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Cautious Maori reaction to foreshore and seabed proposals

Fuseworks Media
Fuseworks Media
Phil Goff
Phil Goff

Wellington, April 1 NZPA - The Labour Party is dismissing the Government's foreshore and seabed proposals as "a whole lot of platitudes" while Maori appear to think a lot more work needs to be done before final decisions can be made.

The Government's preferred option to replace the Foreshore and Seabed Act is to declare it a public domain, which no one can own, while reasserting the right of Maori to seek customary but not freehold title through the courts.

Prime Minister John Key says if there isn't widespread support for alternative legislation the existing Act will remain in place.

The previous government enacted the Foreshore and Seabed Act following a 2003 Court of Appeal ruling in the Ngati Apa case that raised the possibility, in some narrow instances, for Maori customary title to convert into freehold title.

That had the potential to put parts of the coastline under Maori control, and Labour legislated against it.

Widespread Maori opposition followed, and Tariana Turia quit Labour to form the Maori Party.

The current Government reviewed the Act and decided to repeal it -- when an acceptable alternative could be found.

The proposal document released yesterday is the first stage in finding an alternative, and initial responses were less than enthusiastic.

"All we've got is a whole lot of platitudes and nothing new," said Labour's Maori affairs spokesman Parekura Horomia.

He said he couldn't see anything in the proposals that wasn't in the existing legislation.

Labour leader Phil Goff described the proposals as "window dressing" but said his party was ready to work constructively with the Government.

The Maori Party's goal is to have the Act repealed, and Mrs Turia said the proposals brought that "one step closer to reality".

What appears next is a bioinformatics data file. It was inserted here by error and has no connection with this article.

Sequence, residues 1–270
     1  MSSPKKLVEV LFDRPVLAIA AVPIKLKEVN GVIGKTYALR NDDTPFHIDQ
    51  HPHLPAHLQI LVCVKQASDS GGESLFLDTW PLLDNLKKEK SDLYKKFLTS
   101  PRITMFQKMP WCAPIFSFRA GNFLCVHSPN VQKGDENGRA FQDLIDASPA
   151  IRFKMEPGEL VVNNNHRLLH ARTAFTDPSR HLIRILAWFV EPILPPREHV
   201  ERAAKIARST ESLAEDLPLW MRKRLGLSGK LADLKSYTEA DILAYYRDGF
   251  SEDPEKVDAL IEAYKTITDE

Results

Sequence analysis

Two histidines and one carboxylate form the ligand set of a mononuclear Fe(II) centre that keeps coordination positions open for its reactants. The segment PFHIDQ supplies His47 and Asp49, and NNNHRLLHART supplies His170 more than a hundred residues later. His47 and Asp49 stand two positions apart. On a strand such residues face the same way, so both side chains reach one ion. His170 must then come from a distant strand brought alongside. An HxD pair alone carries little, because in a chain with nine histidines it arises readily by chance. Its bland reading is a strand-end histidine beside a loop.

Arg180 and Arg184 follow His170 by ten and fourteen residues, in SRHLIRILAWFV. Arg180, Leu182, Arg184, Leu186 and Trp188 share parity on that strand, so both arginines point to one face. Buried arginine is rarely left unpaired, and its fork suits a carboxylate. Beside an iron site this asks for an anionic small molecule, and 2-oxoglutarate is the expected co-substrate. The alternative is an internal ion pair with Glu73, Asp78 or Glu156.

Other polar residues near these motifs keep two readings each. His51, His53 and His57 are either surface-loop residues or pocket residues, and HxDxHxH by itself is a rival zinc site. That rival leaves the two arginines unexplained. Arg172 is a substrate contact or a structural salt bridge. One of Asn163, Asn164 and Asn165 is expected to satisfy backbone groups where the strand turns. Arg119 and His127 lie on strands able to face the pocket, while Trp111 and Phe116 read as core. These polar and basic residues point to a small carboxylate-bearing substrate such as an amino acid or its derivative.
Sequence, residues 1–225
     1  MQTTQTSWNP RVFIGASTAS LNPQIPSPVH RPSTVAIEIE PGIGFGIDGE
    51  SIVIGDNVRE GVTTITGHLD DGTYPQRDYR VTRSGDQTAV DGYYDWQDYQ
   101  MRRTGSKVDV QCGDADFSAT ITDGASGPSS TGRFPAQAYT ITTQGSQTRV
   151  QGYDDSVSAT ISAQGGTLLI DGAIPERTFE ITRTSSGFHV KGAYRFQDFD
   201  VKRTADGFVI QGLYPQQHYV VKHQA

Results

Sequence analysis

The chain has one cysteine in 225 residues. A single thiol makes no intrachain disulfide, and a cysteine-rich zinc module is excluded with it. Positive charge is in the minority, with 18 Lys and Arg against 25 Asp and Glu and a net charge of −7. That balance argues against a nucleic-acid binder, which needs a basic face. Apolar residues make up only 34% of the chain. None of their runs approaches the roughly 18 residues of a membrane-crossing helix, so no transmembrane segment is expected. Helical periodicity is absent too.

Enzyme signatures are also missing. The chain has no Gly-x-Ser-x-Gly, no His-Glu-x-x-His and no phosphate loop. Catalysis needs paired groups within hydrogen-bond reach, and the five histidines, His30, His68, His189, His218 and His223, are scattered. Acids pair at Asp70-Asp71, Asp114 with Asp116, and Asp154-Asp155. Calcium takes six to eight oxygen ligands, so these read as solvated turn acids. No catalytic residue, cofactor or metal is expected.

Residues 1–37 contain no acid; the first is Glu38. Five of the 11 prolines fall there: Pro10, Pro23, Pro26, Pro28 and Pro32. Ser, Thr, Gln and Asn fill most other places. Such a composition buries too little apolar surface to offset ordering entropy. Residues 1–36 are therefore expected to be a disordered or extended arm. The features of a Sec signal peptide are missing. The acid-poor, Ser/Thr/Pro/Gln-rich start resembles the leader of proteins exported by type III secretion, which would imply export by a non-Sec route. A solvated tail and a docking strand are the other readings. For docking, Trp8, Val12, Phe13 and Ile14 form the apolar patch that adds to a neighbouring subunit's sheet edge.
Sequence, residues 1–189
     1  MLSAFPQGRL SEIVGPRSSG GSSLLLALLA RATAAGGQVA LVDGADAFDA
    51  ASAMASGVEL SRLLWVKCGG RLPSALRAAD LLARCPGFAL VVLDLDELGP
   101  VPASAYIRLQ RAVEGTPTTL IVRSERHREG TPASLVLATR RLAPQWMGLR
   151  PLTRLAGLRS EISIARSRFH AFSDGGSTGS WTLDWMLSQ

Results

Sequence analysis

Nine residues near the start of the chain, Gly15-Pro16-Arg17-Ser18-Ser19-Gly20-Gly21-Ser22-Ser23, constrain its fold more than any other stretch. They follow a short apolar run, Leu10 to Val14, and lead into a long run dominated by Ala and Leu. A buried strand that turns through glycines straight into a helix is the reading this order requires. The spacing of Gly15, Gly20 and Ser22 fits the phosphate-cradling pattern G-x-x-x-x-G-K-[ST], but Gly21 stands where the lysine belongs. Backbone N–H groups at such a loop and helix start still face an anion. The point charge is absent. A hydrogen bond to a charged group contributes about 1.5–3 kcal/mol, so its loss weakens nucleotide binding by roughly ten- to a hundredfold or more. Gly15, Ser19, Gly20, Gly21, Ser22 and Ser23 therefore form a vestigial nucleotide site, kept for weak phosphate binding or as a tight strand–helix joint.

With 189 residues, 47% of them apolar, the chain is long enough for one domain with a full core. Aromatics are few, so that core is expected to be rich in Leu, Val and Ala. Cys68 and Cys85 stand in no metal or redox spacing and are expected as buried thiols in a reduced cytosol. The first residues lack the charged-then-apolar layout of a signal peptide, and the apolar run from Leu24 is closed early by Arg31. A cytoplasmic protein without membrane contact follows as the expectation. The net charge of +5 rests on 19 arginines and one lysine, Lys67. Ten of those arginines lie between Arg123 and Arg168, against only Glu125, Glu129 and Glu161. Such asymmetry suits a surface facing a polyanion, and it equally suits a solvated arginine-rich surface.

Ngai Tahu spokesman Mark Solomon described the proposals as "a stepping stone" and said more work would have to be done to achieve an enduring solution.

"I believe lasting resolution will come with new thinking and creative solutions that recognise the relationship iwi and hapu have with natural resources under tikanga and the interests of all New Zealanders," he said.

Mr Key said the public domain concept was a pragmatic way to heal a "weeping sore".

"The intent here is to put this issue to bed in a satisfactory way to the bulk of New Zealanders," he said.

"I don't think you are going to get every Maori New Zealander agreeing with this, let's be realistic."

The discussion document makes clear the public domain concept is the Government's preferred path.

Other options include:

* Restoring the right to claim customary title but retaining notional Crown ownership until customary rights were proven;

* Tinkering with the status quo; and

* Vesting ownership in Maori, determining who would hold ownership in a given area, while recognising others' rights.

Under all the options, the parts of the foreshore and seabed currently in private ownership or subject to existing property rights would remain that way.

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